S.G. Browne

A Shelter-In-Place Hangover in North Beach

This morning I woke up in North Beach. Not because I had a blackout drunk from the night before, but because I spent the night there. Although I do admit to having a couple of glasses of red wine to go along with a dinner that consisted of salmon, cauliflower, and a fresh spring salad with tomatoes, peppers, and goat cheese.

A nice, normal evening in.

But in San Francisco, as well as in more than a dozen other California counties, a nice normal evening in has taken on a whole new meaning.

That new normal gets weirder when you go to sleep after 11pm on St. Patrick’s Day and aren’t woken up once by the drunken revelry of tech bros shouting and staggering their way back home from the North Beach bars. Instead, there’s eerie silence.

In the morning you wake up and walk outside and wander along Grant Avenue and look West along Lombard Street all the way to the crooked part that crests the opposite hill and there’s not a single car for seven blocks. There are signs for Take Out Only or One Customer At A Time and a virtually empty Green Street and you know that there won’t be a line outside of Golden Boy Pizza tonight.

You stand on an island at Green and Columbus and see a single car waiting at the stop light. When you get down to Broadway and Columbus, you walk out into the middle of Broadway at 7:30am and the normal morning commute traffic is non-existent. The restaurants along Broadway and Columbus are closed until further notice. Even the strip clubs are dark, The Condor and The Garden of Eden and Little Darlings–the most obvious casualty of social distancing when it comes to financial transactions–and you wonder why no one is talking about the hardship this economic shutdown is going to cause for the strippers.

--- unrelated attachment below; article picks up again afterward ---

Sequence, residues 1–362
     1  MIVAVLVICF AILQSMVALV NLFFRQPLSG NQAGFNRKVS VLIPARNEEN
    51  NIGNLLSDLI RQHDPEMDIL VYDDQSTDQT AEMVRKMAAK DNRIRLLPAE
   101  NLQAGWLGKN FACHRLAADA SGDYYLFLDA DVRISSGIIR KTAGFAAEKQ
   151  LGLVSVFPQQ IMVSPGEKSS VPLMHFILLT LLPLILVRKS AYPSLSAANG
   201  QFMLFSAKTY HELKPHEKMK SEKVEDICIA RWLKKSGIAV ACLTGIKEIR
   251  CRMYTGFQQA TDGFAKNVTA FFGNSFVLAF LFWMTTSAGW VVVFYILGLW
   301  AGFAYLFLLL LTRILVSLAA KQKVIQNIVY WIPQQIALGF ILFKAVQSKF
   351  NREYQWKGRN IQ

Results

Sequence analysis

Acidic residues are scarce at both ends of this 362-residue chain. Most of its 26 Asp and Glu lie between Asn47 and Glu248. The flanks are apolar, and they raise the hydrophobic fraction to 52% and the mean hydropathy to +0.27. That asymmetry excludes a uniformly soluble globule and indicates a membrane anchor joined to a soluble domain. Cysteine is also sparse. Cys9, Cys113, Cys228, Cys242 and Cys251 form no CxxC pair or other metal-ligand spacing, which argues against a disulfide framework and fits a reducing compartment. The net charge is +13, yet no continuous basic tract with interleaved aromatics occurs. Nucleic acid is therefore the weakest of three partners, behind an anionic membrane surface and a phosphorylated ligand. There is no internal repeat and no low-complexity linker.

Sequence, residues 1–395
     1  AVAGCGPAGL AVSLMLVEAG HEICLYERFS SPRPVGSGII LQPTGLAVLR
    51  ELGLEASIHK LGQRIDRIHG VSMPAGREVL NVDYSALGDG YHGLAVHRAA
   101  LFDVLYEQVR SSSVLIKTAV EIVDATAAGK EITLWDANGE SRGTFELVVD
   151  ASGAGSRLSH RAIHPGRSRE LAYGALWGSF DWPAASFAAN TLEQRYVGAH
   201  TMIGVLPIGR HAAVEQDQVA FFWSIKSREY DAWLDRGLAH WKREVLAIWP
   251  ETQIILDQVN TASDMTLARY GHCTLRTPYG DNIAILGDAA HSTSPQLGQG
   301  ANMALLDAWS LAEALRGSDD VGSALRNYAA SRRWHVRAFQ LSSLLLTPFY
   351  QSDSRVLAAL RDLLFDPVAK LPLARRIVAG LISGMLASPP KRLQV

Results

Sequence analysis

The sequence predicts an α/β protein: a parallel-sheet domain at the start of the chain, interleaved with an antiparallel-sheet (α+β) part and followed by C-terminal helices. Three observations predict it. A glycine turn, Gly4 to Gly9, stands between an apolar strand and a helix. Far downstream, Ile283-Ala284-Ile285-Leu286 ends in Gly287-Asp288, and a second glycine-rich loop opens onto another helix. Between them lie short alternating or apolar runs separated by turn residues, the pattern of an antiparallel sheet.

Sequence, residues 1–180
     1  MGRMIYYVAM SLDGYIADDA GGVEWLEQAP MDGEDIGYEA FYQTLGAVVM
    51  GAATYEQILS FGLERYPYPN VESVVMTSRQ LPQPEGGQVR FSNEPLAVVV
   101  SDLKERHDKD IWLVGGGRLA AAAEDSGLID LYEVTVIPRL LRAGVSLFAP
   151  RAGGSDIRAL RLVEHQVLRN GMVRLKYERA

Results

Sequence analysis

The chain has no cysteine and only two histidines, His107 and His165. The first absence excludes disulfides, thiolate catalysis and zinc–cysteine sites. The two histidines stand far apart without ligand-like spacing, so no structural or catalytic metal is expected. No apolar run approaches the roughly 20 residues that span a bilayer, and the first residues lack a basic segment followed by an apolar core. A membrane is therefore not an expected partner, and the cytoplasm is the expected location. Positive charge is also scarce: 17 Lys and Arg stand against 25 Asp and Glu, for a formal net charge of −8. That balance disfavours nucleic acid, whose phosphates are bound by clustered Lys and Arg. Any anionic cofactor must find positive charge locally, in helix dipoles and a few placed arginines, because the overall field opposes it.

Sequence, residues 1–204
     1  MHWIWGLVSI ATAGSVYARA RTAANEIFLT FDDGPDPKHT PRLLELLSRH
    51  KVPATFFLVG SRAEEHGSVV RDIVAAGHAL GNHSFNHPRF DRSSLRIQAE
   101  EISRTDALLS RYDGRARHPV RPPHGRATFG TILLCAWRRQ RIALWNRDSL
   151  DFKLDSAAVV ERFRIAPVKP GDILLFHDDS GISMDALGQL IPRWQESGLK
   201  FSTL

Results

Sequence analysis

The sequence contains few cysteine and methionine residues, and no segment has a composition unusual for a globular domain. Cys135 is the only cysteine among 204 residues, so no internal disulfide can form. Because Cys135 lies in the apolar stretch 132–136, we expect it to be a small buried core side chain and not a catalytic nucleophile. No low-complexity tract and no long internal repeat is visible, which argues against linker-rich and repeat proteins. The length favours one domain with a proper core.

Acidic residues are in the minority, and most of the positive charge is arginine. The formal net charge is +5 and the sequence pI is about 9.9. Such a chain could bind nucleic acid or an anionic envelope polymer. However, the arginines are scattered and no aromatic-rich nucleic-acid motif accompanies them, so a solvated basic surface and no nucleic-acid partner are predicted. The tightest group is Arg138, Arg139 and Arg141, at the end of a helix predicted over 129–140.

A few places are open for business, even if they’re not open yet–such as Portofino Seafood Co. on Grant, Lush Gelato and Caffe Greco on Columbus, and Liguria Bakery on Stockton–but they only offer take out and ask that you respect social distancing.

As you head back, you stop on the Northwest corner of Broadway and Columbus, which is your favorite corner in San Francisco because it offers a view North along Columbus into the heart of North Beach, a view South down Grant into the shopping heart of Chinatown, and a view East down Broadway past all of the strip clubs–the juxtaposition of sex for sale bumped up against the family friendly tourist attractions of North Beach and Chinatown. This has always amused you.

Finally, as you head back up Columbus to start your second day of this new normal, you notice three humans taking their dogs out to play in Washington Square Park. While the humans are practicing social distancing, the dogs remind us of a simpler time when we could all run around and play together without having to worry about a pandemic. Either that or they’re all just channeling their inner honey badger because they don’t give a fuck.